Volume 9 - Year 2022 - Pages 15-20
DOI: 10.11159/jbeb.2022.004

Analyzing Adverse Events of Mitral and Aortic Valves during the Pandemic

Elsa S Zhou1, Sujata K. Bhatia2

1Indian Hill High School
Cincinnati, Ohio, United States
2Harvard University
Cambridge, Massachusetts, United States

Abstract - The COVID-19 pandemic forced cardiologists to adapt to unprecedented circumstances. We chose to investigate the pandemic’s effect on heart valve replacements, in particular focussing on device failure in mitral valve replacements and percutaneous aortic valve prostheses. In order to measure this effect, we examined adverse event reports of these two devices in the Food and Drug Administration (FDA)’s Manufacturer and User Facility Device Experience (MAUDE) database. We compared weekly numbers of adverse event reports during the pandemic (March 2020-March 2021) to those of the year before (March 2019-March 2020). We find that reports of deaths, injuries, and malfunctions attributed to mitral valve repair devices all showed no significant changes during the pandemic, compared to the year preceding. However, we have also found that during the pandemic, there was a 107.4% increase in deaths reported to the FDA that were attributed to percutaneous aortic valve prostheses, and a 45.1% increase in reports of malfunctions as well compared to the year preceding the pandemic. These results suggest that the pandemic may have induced an increase in transcatheter aortic valve replacements vs. surgical aortic valve replacements, leading to an increase in adverse event reports associated with percutaneous aortic valve prostheses. In contrast, transcatheter mitral valve repair is not commonly performed, and the pandemic is unlikely to have changed treatment protocols for mitral valve repair.

Keywords: Adverse events, devices, heart valves

© Copyright 2022 Authors This is an Open Access article published under the Creative Commons Attribution License terms. Unrestricted use, distribution, and reproduction in any medium are permitted, provided the original work is properly cited.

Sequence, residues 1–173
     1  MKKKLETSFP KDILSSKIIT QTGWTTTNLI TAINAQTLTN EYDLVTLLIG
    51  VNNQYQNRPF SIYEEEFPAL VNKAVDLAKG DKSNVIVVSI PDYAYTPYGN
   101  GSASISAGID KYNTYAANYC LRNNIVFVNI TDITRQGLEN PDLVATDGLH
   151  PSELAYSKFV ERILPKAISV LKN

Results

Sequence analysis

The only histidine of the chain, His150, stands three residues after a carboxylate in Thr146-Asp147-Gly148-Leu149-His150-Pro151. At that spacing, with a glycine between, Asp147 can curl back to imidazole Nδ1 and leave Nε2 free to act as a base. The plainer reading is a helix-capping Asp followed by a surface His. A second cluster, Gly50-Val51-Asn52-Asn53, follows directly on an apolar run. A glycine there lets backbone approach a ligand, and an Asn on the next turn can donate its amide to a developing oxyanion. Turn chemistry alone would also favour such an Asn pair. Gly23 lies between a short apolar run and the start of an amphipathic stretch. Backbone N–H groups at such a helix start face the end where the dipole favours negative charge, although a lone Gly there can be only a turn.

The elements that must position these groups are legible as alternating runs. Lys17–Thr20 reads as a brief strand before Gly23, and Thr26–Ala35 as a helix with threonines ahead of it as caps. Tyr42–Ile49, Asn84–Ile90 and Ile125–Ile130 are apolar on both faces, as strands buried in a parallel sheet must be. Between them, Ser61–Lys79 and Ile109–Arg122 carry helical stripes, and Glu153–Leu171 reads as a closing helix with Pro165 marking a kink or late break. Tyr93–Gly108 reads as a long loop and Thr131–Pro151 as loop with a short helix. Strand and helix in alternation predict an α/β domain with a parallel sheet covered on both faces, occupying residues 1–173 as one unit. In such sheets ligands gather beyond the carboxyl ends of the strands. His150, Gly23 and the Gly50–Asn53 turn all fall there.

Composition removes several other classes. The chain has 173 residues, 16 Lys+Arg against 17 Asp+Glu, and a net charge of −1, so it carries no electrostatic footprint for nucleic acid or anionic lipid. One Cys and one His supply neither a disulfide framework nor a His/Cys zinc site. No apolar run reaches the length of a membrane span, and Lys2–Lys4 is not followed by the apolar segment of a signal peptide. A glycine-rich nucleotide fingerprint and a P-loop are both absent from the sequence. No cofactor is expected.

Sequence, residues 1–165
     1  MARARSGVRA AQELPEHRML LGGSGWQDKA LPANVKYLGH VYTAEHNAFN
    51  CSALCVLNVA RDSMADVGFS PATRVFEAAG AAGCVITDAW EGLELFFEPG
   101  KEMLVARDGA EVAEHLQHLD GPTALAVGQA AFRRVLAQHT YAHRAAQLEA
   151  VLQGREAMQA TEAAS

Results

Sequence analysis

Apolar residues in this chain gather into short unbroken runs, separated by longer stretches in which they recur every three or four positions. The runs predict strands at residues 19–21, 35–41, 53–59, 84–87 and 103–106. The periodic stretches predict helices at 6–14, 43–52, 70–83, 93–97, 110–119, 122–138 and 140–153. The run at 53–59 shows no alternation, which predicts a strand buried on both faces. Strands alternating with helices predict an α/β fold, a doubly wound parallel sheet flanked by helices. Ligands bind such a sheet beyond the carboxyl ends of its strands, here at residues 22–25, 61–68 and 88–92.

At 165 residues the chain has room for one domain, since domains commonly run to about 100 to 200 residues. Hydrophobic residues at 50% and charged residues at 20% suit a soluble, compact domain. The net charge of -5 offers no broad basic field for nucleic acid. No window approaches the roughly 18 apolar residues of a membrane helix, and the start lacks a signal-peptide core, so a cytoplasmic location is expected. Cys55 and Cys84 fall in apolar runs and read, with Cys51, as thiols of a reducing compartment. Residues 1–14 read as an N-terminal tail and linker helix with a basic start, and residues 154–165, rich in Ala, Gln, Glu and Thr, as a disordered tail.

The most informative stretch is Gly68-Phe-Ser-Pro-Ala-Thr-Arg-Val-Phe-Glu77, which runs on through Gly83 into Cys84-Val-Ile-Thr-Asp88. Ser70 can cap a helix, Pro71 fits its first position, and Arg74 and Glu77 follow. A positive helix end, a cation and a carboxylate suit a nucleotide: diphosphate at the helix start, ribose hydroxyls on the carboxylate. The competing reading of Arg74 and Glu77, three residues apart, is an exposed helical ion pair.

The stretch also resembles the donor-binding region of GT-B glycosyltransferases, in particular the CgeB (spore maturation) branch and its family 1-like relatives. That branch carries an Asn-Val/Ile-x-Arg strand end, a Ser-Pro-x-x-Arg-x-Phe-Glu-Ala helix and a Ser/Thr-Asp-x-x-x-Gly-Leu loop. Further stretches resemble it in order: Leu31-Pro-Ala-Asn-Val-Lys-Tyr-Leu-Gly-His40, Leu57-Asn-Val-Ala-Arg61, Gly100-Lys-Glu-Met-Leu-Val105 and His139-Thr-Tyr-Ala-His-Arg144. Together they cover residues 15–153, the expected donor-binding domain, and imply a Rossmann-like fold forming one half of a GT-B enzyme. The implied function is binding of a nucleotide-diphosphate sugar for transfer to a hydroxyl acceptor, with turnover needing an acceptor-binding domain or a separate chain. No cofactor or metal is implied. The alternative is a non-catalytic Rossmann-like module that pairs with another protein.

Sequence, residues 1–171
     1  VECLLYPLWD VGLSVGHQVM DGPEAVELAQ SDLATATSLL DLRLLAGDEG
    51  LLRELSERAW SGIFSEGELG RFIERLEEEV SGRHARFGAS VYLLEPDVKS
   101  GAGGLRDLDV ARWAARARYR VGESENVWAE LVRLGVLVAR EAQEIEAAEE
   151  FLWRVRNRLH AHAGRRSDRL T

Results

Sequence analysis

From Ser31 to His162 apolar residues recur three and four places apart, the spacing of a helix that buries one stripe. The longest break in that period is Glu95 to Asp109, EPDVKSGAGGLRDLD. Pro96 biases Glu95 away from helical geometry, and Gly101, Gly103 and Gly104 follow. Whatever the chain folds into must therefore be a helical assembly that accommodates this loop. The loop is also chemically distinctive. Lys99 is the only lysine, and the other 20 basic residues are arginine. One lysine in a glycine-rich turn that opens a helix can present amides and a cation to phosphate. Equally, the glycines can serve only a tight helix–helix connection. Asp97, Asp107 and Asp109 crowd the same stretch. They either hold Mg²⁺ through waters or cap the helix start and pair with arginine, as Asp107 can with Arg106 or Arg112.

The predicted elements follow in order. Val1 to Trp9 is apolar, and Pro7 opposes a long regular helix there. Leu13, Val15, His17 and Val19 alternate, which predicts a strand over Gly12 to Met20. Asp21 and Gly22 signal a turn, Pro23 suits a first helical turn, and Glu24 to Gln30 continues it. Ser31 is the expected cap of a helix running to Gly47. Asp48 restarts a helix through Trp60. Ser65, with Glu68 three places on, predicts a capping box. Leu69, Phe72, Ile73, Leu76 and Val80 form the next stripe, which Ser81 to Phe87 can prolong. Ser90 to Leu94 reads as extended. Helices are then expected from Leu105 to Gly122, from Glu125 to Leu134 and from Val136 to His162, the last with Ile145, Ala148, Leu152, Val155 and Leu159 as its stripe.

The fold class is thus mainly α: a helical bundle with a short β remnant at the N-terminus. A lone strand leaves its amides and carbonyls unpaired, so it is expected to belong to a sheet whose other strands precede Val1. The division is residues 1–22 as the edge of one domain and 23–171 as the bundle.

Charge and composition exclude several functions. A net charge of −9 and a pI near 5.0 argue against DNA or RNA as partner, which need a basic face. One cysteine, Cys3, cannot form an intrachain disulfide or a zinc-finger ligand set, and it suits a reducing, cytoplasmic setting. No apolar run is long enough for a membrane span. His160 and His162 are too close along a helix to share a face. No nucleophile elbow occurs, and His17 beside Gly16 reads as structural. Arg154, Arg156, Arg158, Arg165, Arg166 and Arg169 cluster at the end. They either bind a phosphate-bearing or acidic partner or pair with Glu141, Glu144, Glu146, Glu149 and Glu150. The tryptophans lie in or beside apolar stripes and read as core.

Date Received: 2022-09-09
Date Accepted: 2022-09-20
Date Published: 2022-10-11

1. Introduction

We have previously reported that decreases of 46% and 27% for reported deaths attributed to implantable cardioverter defibrillators and reported injuries attributed to coronary drug-eluting stents, respectively, occurred during the pandemic [1]. These results led us to proffer that systemic issues such as underreporting might have been the cause of these significant decreases in adverse event reports. However, in other previous work, we found that there were significant increases in reported deaths and malfunctions of percutaneous aortic valve prostheses, suggesting that there were shifts in care patterns that heterogeneously affected different medical devices instead of one broadly applicable reason that could be identified (such as underreporting) [2]. Specifically, we proposed that a shift from surgical aortic valve replacement (sAVR) to transcatheter aortic valve replacement (TAVR) may have occurred during the pandemic due to the shorter hospital recovery period, and thus reduced risk of contracting COVID-19, resulting from the use of TAVR. However, because TAVR has not been proven to be equivalently efficacious on low-risk patient groups as compared to sAVR, it is possible that an increase in adverse events arose from this switch in care. We use this previous work as the basis for investigating mitral valve repair devices, particularly because percutaneous transcatheter interventions are not commonly performed for mitral valve repair.

2. Device Background

Mitral valve repair devices are used to treat patients with mitral regurgitation, a condition where the mitral valve does not close completely, allowing for blood to flow backward in the heart [3]. Transcatheter mitral valve repair (TMVr) is an emerging solution for mitral regurgitation that is minimally invasive whereas the traditional open-heart surgery intervention is not [4]. The leading TMVr device approved by the FDA is Abbott’s MitraClip, which has shown low rates of adverse events compared to mitral surgery [5]. Notable adverse events associated with mitral valve repair devices and the MitraClip in particular include bleeding, acute kidney failure, mitral stenosis as a result of the procedure, and structural device failure such as partial clip detachment which can result in a recurrence of mitral regurgitation [5]. A single-center retrospective analysis of 20 patients found that TMVr was associated with high short-term mortality, where 50% of patients who underwent TMVr died within 153 days [6].